Laboratory tests see Urine drug screening
Lamictal see Lamotrigine
Lamotrigine is an anticonvulsant drug commonly used to prevent seizures . It is also used as a mood stabilizer in some people with bipolar (manic-depressive) disorder. In the United States, lamotrigine is available under the trade name of Lamictal.
Lamotrigine is used to prevent seizures in individuals with seizure disorders. It is also used as a mood stabilizer in people with bipolar disorder .
The United States Food and Drug Administration (FDA) approved Lamotrigine in 1994. This drug appears to suppress the activity of neurons (nerve cells) in the brain . By stabilizing neurons, lamotrigine prevents seizure activity and may also stabilize abnormal mood swings.
Lamotrigine is available as both oral and chewable tablets. It is broken down in the liver.
The dosage of lamotrigine varies depending upon the age and weight of the patient, other medications that the patient is taking, and whether the patient has heart, liver, or kidney disease. It is common for patients to start with a low dosage of lamotrigine. The dosage is then increased slowly over several weeks to help prevent side effects. The dosage may be adjusted frequently by the prescribing physician.
A common dose for an adult who takes no other medications and has no other diseases is 150–250 mg taken twice daily.
A serious and permanently disfiguring rash may occur as a result of lamotrigine. The rash, which is a symptom of a systemic reaction to the drug, may be life-threatening. If a rash occurs, a doctor should be contacted immediately, and the drug stopped. People who have experienced any kind of rash while taking lamotrigine should never take the drug again.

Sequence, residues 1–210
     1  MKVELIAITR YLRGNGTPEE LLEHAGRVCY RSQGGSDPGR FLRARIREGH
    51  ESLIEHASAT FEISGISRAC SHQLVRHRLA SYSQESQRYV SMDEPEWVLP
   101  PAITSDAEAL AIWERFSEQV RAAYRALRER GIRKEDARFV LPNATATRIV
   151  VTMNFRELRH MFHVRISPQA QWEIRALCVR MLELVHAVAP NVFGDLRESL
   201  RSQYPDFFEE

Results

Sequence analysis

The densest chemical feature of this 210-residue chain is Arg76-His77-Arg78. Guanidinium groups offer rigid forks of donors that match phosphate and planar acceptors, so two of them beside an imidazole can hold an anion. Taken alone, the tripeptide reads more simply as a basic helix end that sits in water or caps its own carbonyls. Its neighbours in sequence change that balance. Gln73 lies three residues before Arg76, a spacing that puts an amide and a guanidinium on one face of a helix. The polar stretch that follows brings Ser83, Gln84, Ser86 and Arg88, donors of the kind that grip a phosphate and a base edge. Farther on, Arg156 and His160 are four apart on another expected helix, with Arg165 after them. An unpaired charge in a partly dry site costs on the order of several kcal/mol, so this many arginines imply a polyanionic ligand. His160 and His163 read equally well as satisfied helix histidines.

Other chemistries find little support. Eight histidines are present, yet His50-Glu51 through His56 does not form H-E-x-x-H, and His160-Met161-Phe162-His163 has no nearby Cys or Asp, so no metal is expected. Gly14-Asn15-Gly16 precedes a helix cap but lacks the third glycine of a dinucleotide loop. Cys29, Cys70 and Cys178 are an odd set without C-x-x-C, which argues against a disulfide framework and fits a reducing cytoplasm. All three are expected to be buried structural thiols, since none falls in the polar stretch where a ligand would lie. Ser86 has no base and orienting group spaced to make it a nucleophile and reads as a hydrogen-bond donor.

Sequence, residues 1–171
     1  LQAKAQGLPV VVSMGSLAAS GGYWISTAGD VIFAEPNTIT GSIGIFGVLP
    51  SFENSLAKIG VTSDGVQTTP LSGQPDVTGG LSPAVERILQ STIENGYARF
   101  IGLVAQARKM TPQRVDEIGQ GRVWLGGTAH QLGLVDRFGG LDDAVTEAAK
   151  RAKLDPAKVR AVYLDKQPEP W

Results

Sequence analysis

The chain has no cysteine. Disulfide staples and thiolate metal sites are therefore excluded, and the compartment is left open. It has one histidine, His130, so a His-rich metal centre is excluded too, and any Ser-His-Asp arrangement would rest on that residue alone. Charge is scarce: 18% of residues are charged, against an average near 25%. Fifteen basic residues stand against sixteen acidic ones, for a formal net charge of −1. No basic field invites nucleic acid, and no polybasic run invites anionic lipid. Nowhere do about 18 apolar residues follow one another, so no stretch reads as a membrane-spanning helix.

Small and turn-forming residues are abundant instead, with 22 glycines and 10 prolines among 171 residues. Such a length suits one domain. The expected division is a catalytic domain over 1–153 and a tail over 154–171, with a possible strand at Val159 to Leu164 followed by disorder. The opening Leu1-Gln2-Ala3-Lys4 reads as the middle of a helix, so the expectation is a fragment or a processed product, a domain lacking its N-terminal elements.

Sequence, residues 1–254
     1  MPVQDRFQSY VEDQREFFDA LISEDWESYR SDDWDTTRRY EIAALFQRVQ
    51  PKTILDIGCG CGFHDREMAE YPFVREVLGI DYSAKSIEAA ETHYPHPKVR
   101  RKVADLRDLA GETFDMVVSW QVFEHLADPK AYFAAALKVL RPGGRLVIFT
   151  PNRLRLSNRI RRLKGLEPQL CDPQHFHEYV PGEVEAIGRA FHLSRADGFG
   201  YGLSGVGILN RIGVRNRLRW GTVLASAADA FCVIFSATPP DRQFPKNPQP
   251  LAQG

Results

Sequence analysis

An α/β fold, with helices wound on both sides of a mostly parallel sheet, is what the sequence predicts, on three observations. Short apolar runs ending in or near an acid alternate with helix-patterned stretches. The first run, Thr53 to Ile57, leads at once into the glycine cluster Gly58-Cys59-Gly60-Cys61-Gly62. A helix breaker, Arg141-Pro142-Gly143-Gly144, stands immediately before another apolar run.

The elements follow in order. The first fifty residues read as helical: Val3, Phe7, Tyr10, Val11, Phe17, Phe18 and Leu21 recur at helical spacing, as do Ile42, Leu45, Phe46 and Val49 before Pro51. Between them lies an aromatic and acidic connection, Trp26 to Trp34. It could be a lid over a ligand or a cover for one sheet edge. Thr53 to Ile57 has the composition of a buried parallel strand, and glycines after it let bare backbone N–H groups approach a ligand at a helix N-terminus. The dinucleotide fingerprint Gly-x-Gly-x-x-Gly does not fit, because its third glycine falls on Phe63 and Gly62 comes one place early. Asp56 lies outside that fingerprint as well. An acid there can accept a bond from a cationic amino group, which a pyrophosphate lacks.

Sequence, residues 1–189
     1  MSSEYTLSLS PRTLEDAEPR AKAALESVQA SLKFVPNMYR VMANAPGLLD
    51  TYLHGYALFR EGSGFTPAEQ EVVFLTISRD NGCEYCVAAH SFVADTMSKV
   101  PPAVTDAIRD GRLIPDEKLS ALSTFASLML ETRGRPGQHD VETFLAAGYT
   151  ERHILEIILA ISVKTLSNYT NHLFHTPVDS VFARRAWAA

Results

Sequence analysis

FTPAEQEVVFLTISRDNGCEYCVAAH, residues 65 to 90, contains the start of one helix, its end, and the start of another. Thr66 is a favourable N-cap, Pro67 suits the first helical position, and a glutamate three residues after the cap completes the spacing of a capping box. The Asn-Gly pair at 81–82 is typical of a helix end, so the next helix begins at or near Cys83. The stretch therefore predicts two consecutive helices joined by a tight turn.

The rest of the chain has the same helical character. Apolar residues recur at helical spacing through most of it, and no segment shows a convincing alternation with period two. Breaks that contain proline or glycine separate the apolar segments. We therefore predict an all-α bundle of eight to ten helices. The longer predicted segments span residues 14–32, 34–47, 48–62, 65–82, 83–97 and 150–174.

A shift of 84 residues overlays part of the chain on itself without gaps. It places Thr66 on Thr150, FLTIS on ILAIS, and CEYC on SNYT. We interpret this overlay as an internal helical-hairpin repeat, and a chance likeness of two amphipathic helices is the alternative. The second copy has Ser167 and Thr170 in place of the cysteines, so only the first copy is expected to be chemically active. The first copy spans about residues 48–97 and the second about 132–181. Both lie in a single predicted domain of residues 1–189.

Lamotrigine should be used with physician supervision after assessing the risks and benefits in people with heart, kidney, or liver disease. The dosage is usually reduced in these individuals.
Side effects that occur in more than 10% of people taking lamotrigine are: headache, dizziness, unsteadiness while walking, blurred vision, double vision, nausea, cold-like symptoms involving runny noses or sore throats, and infections.
Although relatively rare, any rash that develops while taking lamotrigine should be evaluated by a health care professional, since life-threatening rashes may occur.
Other side effects include confusion, impaired memory, sleep disorders , nonspecific pain all over the body, and disruption of menstrual cycles.
Some drugs can decrease the levels of lamotrigine in the body. This may make the drug less effective. Examples include carbamazepine , phenobarbital, primidone, phenytoin, and valproic acid . Interestingly, valproic acid and its close relative, divalproex sodium , have also been reported to increase lamotrigine levels in some people, which could increase the side effects of the drug. When lamotrigine and valproic acid are used together, there is a greater chance that a serious rash may develop. Very specific dosage guidelines must be followed when these two drugs are used at the same time.
Lamotrigine may increase the levels of carbamazepine in the body, increasing adverse effects associated with carbamazepine.
An increased risk of certain side effects may occur if lamotrigine is used with drugs that inhibit folic acid synthesis, such as methotrexate.
Ellsworth, Allan J., and others, eds. Mosby's Medical Drug Reference. St. Louis, MO: Mosby, Inc, 1999.
Facts and Comparisons Staff. Drug Facts and Comparisons. 6th Edition. St. Louis: Facts and Comparisons; Philadelphia: Lippincott Williams and Wilkins, 2002.
Medical Economics Co. Staff. Physician's Desk Reference. 56th edition. Montvale, NJ: Medical Economics Company, 2002.
Kelly Karpa, RPh, Ph.D.